About


Decrim Now are calling on the UK government to support the full decriminalisation of sex work.

The problem is the law

Criminalisation makes sex work dangerous. Current laws in the UK means that sex workers are unable to legally work together for safety, and are discouraged from reporting instances of violence committed against them for fear of being arrested. When sex workers receive criminal records for offences relating to their work, it makes it harder for them to find other employment. Enabling sex workers to claim the same legal rights and protections as workers in other industries reduces opportunities for those who currently see them as fair game for criminal exploitation.

We believe sex workers

We live in a society that is obsessed with controlling what women should and shouldn’t do with their bodies, particularly when it comes to work and sex. From limiting access to abortion in Northern Ireland, to the UK Supreme Court stopping a woman from being able to divorce her husband, to not believing us when we report rape: the message is clear, women can not be trusted to narrate their lives or decide their own experiences.

We want labour rights

Sex workers are increasingly organising alongside other workers within the trade union movement. The push to criminalise those who purchase sex and to close online sex work platforms is not a ‘progressive change’ from existing, harmful forms of criminalisation. It is a continuation of them. The reality of the sex industry is that people working in it have a range of experiences – good, bad and ugly. What those who support further criminalisation miss is that intensified policing worsens instances of harm and violence. Instead of attempting to eradicate the sex industry through further empowering the police and immigration enforcement, we need other workers to support sex workers in their demands for safety and dignity at work.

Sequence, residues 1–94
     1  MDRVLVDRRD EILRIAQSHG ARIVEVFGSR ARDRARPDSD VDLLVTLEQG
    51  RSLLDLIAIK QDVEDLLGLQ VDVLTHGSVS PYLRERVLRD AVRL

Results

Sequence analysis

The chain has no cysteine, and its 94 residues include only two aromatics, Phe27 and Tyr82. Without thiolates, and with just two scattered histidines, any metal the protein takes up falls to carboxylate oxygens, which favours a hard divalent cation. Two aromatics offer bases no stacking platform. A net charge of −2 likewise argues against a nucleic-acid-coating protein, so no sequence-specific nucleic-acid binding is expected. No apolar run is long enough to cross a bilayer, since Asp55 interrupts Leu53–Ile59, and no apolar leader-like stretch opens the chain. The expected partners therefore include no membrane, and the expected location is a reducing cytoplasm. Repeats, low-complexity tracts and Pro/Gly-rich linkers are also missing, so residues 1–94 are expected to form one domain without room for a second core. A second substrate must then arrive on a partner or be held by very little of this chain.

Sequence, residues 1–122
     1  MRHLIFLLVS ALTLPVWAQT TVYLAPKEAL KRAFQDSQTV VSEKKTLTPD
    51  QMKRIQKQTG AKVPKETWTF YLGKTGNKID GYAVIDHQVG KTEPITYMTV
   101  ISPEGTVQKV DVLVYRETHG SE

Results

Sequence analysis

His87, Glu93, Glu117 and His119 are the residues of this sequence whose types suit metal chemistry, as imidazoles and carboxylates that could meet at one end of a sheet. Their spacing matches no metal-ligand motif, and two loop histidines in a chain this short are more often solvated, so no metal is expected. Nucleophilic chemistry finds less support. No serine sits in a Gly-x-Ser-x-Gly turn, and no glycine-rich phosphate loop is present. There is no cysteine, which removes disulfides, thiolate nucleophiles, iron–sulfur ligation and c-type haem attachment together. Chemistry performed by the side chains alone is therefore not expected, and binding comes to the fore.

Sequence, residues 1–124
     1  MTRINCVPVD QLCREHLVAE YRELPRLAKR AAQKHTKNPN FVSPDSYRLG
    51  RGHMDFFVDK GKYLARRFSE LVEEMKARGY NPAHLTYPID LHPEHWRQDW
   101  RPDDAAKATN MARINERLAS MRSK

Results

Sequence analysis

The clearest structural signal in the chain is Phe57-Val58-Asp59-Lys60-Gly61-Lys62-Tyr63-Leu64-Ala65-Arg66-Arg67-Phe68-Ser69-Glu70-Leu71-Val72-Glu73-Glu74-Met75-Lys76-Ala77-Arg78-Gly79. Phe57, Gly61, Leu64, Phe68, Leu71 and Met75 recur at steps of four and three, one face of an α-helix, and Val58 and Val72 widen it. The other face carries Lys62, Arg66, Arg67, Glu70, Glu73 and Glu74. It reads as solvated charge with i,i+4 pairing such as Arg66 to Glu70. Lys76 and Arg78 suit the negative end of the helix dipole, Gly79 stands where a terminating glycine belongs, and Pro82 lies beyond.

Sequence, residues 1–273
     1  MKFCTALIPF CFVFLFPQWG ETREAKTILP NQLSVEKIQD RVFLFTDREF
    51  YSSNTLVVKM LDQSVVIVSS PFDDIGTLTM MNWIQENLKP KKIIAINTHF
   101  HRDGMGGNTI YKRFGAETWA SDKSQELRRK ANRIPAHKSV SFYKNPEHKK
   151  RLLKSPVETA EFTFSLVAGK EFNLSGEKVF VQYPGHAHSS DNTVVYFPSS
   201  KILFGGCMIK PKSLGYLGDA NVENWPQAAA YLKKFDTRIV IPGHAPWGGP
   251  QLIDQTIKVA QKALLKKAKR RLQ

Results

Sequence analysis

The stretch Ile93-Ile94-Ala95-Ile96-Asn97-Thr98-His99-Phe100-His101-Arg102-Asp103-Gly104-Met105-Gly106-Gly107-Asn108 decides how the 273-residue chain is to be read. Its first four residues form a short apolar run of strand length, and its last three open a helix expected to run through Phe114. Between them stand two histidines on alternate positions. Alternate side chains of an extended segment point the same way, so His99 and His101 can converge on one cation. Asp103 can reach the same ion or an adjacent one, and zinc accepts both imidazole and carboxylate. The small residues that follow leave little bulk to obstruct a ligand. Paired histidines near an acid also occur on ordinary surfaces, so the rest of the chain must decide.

Sex work is work

When we say that sex work is work, we mean that it is a method of earning a living through your own labour. It is highly gendered, stigmatised and often precarious work, but it is work that pays the rent, bills, and puts food on the table of thousands of families across the UK. If anti-prostitution campaigners want to support those who wish to leave the sex industry, they should find sex workers – particularly the most precarious workers, such as undocumented, disabled, and those who are single mothers – alternative modes of income, not attempt to take away the economic strategy that people are using to survive.